This could not have happened had Iverson stayed here. It WOULD not have happened. Watching the Nuggets play brought me back to many hundreds of games I've watched Allen Iverson play over the past 11 years, and my gut feeling was one of relief. Relief to be moving in a new direction and away from the treadmill team-building we Philly fans have been watching since 2000. Surround AI with mediocre, overpaid players and hope they all have career years. Didn't work? Repeat with new, equally mediocre and overpaid players and try again. The real problem, which I see now but was not allowed to see then, is that as brilliant as Iverson was/is, he stands alone as THE most difficult superstar to build around, of all-time, in any sport. In my opinion. Which is right.**

For an Allen Iverson team to win a championship you need the perfect blend of defenders and role players, guys have no ego and are happy setting picks and boxing out, mixed with just enough offensive help to mop up the table scraps left in his wake, and coached by nothing less than genius. This actually existed for one season, in 2000-2001, and the more I look back the more I shake my head in disbelief at what occurred. It all fell into place. It was magic. It was the perfect Iverson team, the only type of Iverson team that could possibly win a title, led by Larry Brown, who turned in one of the greatest coaching jobs since Gene Hackman told Jimmy Chitwood to fuck off. And it wasn't enough. The magic couldn't hold up and we went down in 5 to L.A.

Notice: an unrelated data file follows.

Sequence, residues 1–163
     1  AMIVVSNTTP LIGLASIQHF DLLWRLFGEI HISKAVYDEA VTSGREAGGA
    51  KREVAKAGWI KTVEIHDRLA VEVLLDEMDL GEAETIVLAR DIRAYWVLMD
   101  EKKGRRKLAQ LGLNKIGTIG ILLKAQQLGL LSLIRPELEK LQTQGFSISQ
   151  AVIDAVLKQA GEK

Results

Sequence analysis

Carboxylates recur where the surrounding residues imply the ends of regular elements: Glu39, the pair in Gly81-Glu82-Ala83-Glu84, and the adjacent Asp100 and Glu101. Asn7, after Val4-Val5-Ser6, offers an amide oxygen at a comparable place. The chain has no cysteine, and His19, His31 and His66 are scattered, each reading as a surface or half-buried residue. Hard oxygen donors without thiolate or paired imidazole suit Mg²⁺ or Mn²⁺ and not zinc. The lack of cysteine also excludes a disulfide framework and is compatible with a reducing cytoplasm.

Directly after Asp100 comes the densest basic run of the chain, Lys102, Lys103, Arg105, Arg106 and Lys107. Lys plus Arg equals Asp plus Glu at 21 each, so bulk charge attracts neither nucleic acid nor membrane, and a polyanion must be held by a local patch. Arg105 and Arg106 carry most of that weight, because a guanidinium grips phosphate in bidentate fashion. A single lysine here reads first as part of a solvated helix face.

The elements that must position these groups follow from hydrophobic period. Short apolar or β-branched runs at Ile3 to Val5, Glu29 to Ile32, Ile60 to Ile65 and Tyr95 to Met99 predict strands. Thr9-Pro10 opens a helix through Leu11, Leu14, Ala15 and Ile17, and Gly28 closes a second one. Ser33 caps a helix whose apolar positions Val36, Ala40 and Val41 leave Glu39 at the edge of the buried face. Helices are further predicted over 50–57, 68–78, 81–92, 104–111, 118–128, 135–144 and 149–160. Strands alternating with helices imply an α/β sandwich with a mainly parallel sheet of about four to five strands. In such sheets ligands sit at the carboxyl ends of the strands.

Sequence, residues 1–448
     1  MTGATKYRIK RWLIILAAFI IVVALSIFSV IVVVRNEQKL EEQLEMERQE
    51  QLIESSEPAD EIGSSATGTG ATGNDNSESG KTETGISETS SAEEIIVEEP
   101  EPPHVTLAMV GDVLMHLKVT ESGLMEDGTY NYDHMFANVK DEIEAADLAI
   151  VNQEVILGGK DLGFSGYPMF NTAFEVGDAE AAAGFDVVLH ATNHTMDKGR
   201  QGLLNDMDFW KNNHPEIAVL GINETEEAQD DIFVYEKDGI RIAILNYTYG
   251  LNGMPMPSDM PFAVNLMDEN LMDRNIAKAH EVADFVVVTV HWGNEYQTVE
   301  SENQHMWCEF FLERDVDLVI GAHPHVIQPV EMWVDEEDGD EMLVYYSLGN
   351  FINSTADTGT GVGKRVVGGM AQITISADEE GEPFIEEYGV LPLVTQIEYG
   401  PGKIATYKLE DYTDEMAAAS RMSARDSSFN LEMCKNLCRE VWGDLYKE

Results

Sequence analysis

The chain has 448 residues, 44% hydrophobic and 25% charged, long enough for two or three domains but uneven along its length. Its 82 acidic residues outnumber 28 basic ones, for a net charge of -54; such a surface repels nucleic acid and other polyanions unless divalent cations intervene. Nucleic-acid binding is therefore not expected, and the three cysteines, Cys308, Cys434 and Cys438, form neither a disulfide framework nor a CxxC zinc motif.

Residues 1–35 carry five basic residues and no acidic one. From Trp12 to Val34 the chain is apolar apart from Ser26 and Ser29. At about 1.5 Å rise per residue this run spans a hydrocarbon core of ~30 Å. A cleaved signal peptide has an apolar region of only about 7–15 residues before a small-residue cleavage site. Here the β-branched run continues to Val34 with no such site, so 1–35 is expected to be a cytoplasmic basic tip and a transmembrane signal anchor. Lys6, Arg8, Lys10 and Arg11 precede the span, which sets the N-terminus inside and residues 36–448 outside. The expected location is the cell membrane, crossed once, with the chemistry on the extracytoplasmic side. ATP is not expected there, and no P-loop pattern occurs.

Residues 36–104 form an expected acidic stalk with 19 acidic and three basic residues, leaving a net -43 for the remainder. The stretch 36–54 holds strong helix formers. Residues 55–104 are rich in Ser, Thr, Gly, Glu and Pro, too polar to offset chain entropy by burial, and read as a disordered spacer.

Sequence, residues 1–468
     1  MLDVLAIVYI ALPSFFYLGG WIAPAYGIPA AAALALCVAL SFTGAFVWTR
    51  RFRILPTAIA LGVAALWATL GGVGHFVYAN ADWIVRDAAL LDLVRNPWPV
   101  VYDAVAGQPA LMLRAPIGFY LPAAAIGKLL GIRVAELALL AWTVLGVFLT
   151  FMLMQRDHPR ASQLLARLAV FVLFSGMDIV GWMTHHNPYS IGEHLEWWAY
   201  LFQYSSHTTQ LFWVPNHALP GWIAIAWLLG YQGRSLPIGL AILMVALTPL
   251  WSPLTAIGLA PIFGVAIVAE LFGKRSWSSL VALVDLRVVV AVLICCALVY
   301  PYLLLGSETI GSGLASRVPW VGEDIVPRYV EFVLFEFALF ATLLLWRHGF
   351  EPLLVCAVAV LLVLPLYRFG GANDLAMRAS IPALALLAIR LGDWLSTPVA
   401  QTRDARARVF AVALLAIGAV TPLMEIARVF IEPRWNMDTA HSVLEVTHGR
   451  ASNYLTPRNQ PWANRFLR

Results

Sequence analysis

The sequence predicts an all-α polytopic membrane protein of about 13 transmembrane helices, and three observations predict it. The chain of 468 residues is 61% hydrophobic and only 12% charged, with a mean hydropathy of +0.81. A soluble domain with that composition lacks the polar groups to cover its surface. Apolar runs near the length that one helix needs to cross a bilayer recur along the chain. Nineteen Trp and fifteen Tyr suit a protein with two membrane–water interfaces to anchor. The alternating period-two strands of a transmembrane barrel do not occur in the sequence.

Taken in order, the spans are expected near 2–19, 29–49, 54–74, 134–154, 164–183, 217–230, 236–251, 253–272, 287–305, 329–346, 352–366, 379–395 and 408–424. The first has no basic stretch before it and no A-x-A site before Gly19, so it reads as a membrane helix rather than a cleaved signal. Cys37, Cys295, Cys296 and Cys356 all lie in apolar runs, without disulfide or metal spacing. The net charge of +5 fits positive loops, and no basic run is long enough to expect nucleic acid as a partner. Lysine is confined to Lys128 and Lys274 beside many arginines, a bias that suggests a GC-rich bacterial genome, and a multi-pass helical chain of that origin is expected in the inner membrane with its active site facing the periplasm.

Once the magical season ended and the long hangover began, the team faced a big question: stay competitive, viable, and legitimate(streetwise at least) with Iverson on the team, or trade him and stare into the abyss. The question began to answer itself when the abyss was suddenly staring into us while Iverson was still here, and so Billy King pulled the trigger. What had long been speculation was now able to play out. Without AI handling the ball 85% of the time and taking 65% of the shots, the other players, mostly young dudes, had room to grow. Room to breathe. The chance to mess up and get the ball back the very next time. The aforementioned Iguodala, Korver, and Dalembert each progressed more in the past 4 months then all of last year. I'm not kidding or exaggerating. Maybe exaggerating a little, but definitely not kidding. The team was no longer Iverson and a bunch of stiffs, it was now a bunch of stiffs who had the chance to show whether or not they were actually stiffs, on their clock, not AI's. This is important.

Even Mo cheeks, a coach I had lost respect for, was rejuvenated by the AI trade. He started to coach instead of cower at the sight of Iverson's posse. No longer distracted with having to scold Allen for eating Taco Bell in the huddle, he had time to diagram plays and devise strategies. And the players listened!! Practice?! We talking bout practice?!?! Yes!! We talking bout practice!! It's important!!

Meanwhile, Denver seems lost. They don't have the magical group necessary for a title run anytime soon. And we won't even mention the coaching disparity. Denver fans have reason to be excited no doubt; Iverson and Carmelo will score a ton of points, alley-opp many hundreds of times, and might even win a few playoff series. Throw in the dozens of amazing sound-bites("fatigues is army clothes") and news conferences Iverson will provide and those people are much better off than they were at this time last year. And I still love the guy, I still root for him and I'll always watch him with something of a teenage awe. But I'm glad he's gone. Glad it's up to another team to pull off the most difficult building project since Mutumbo in Africa. And ready to watch my brand new team of stiffs.

* I don't actually believe this
** Proven by science too complex for you to understand